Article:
Son John McClaren had financial difficulties and was sued for debt by Thomas Allison, a merchant. The merchandise, which John bought on credit, consisted principally of whiskey,wine, rum, shot, gunpowder, bridles, pipes, shirting, lace, tape, buttons, stockings, sleeve buttons, molasses, sugar, salt and pepper. A fifa was levied on 200 acres of his land on Broad River.
Meanwhile, Daniel had sold his lands, including McClary’s island in Broad River which he had held for 30 years, and he had moved to Bedford County,Tennessee in 1808. Much of his property was sold to Wilson Nesbit who built on it Nesbit Iron Foundry, one of the first such establishments in the Up Country. Nesbit gave in payment a promissory note, but defaulted on it and McClaren brought suite. Nesbitt failed to appear in Court, being at the time in Washington attending the first session of the Fifteenth Congress, of which he was a member, and the Court awarded the plaintiff a judgment in the amount of
$3,924. The sheriff attached 7, 500 acres on Sarratt’s Creek, on which Nesbitt had built his iron furnace. Nesbitt then paid the Sheriff in U. S. copper cents, but McClaren refused to accept them on ground that they were not legal tender, fighting it all the way to the Constitutional Court at Columbia where he won a favorable decision. Nesbit subsequently went bankrupt.
McClaren’s eldest daughter Mary married John Rickman, a native of Baden in Germany, who had come with his parents to Rhode Island about 1770, fought and was wounded at Bunker Hill, moved to Virginia,and about 1800 to Spartanburg County. Rickman obtained more than 1000 acres in grants from the State, but eventually sold them and moved to Hickman County, Tennessee.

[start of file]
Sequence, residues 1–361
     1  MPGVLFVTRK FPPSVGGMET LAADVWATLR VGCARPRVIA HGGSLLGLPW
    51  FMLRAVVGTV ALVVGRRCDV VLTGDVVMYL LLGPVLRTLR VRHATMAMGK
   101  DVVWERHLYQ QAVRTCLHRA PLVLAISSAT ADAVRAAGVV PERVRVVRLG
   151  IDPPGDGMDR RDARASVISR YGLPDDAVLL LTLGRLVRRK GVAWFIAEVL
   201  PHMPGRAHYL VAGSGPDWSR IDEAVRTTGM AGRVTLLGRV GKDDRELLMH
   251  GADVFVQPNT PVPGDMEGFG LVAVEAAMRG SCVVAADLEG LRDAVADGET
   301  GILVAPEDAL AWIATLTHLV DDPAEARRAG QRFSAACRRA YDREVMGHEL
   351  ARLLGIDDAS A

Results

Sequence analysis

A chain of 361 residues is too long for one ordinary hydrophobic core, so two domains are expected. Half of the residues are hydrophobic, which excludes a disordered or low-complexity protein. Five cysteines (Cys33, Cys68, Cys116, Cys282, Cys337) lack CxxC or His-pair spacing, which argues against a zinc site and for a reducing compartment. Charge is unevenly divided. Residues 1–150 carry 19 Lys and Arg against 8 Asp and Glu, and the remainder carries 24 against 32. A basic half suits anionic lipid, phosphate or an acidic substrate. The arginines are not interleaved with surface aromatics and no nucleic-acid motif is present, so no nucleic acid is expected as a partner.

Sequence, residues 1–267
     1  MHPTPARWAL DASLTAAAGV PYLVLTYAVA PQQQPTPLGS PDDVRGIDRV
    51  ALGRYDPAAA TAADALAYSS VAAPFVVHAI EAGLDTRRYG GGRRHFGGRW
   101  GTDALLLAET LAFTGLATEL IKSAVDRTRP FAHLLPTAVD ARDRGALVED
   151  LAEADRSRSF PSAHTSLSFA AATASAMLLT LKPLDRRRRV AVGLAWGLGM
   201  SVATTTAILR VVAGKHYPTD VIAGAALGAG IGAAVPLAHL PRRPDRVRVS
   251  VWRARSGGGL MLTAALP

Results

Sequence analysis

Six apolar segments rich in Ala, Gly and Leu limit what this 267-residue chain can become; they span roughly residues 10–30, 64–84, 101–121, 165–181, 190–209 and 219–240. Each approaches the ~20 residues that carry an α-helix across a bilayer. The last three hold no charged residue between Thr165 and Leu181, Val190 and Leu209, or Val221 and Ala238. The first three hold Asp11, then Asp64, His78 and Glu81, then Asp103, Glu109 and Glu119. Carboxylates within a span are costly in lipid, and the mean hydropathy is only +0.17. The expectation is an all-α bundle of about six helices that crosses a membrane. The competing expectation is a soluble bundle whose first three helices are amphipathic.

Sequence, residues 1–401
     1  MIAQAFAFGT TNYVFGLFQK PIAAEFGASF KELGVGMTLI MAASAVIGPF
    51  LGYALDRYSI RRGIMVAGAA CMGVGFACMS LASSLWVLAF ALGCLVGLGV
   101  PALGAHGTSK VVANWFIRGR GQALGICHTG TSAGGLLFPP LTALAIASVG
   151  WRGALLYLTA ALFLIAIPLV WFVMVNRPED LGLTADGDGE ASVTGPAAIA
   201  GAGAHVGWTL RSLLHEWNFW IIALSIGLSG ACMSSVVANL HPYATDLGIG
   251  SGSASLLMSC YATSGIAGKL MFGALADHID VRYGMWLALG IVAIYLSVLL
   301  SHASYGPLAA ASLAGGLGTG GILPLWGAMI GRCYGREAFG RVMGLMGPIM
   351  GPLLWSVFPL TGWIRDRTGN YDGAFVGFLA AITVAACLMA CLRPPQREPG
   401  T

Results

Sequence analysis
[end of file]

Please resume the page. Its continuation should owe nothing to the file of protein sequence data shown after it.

In the Blackwell- Joyce Cemetery near Chapel Hill in Marshall County(created from Bedford in 1836) is a tombstone on which was carved “Sacred to the Memory of DANIEL McCLAREN Born on the 17th of May 1749 and Departed this Life—.” To insure that his grave would be marked old Daniel may have prepared this stone, hoping that after his death the date would be added and it placed at his grave. It is doubtful, however, that it marks his burial place, for he apparently died in Hickman County, Tennessee in 1844, at the age of 95.
Daniel and Mary had a number of children–John, Mary, Daniel, Robert– but no complete list of them had been uncovered.
The use of both forms”Daniel McClaren” and “Daniel McClary,” in single deeds and other legal instruments prove that they refer to one and the same person. All documents were signed invariably “Daniel McClaren,”” and the use of “Daniel McClary” was by persons other than himself, thus showing that he was generally called and known by the name “McClary.” It seems that the latter was the Scottish pronunciation.
Article written and researched for this edition by Elmer O. Parker, 5012 Circle Drive, Columbia,S.C. 29046.
It is thought that Nancy McClaren who married John Atkinson of Marshall County and Elizabeth McClaren who married John. C. Lewis of Marshall County were daughters of Daniel McClaren.